(NNPA)—“After a decade of war, the nation that we need to build—and the nation that we will build—is our own.” President Barack Obama
Last week, President Obama announced that the remaining 39,000 U.S. service men and women in Iraq will be back on U.S. soil by the end of the year. This essentially brings to a close a nearly decade-long war that the President opposed from the start and vowed to end. This is welcome news for our troops and their families who have sacrificed so much in what has been increasingly viewed as an ill-advised and costly military mistake.
The nation owes a big debt of gratitude to the more than one million Americans who have been deployed to Iraq since the start of the war in March 2003. This includes more than 4,480 who died on the battlefield and more than 32,000 who were wounded. Now that the war is ending, we must do everything in our power to ensure that the support our returning vets need to rebuild their lives and the jobs they need to support their families are waiting for them when they come home.
In addition to the human toll, the wars in Iraq and Afghanistan have also been a drain on the U.S. economy. At a cost of more than $800 billion, including billions lost, unaccounted for or stolen, the Iraq War has been a major contributor to the nation’s ballooning debt and deficit. It has also diverted funding that could have been used to create jobs and repair America’s crumbling infrastructure. As the President said, “Over the past decade, we spent a trillion dollars on war, borrowed heavily from overseas and invested too little in the greatest source of our national strength — our own people. Now, the nation we need to build is our own.”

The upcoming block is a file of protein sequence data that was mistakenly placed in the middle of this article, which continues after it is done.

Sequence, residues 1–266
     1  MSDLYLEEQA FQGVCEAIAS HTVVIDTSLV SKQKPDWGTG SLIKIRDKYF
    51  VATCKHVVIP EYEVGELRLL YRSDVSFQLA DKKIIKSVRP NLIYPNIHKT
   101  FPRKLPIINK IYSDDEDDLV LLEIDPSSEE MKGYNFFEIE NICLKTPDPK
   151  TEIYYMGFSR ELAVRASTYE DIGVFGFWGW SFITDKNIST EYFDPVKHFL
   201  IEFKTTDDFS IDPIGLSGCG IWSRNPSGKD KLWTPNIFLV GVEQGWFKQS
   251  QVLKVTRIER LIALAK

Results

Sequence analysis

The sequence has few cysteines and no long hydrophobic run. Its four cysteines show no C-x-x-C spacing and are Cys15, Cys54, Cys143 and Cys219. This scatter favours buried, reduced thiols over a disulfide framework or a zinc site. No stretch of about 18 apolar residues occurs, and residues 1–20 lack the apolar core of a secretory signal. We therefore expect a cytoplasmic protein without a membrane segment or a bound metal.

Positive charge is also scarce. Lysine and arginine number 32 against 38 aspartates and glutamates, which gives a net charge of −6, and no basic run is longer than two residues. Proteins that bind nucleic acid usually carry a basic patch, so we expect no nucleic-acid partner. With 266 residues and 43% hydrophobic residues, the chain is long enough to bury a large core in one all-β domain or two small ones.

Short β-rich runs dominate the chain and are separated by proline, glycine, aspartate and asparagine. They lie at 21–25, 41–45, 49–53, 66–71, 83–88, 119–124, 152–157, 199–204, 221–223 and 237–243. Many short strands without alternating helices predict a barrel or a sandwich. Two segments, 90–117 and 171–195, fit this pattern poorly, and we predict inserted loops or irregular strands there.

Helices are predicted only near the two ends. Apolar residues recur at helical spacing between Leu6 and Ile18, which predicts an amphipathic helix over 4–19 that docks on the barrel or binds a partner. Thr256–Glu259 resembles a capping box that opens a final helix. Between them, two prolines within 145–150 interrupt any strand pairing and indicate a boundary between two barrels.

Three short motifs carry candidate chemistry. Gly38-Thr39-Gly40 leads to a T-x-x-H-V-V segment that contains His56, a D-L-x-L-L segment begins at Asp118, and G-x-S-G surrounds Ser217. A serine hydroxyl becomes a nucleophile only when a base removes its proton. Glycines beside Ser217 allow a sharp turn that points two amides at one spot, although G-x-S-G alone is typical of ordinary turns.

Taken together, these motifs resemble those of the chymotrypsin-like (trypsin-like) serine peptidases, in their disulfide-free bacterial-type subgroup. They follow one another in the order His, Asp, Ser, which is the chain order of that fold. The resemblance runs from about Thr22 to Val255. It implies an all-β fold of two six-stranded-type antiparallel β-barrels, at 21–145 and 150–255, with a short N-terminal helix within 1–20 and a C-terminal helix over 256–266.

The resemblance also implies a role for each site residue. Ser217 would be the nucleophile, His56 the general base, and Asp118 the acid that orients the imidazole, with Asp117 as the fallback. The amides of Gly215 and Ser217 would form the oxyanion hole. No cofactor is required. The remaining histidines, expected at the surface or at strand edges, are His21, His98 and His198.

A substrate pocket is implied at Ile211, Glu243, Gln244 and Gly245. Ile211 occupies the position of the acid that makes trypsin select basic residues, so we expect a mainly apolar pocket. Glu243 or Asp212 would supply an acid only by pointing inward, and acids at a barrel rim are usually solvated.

We could not agree more. In addition to withdrawing our troops, we should also accelerate Iraq’s economic independence. Iraq is an oil-rich nation that has traditionally stifled the growth of small businesses and a vibrant middle class due to a culture of rampant corruption and bureaucratic red-tape. It is clear that if Iraq wants to move forward, it must change that culture from within—not on the backs of the American taxpayer.
The money we have wasted in the war and in rebuilding Iraq’s infrastructure could be better spent here in America, rebuilding schools, roads, bridges, community centers, libraries and equipping our young people and returning veterans with the skills they need to enter the world of work.
It is unconscionable that any man or woman who goes abroad to fight our wars has to come home and fight for a job. But sadly that is the case. While overall unemployment remains unacceptably high at 9.1 percent, post-9/11 veterans suffer from a jobless rate of nearly 13 percent. That is why the President’s American Jobs Act includes a $5,600 tax credit for businesses that hire veterans who have been unemployed for six months or longer.
The President deserves our thanks for ensuring that our troops will be home for the holidays. Now it is up to Congress to honor their service and every American who wants to work by passing the American Jobs Act now.
(Marc Morial is the president and CEO of the National Urban League.)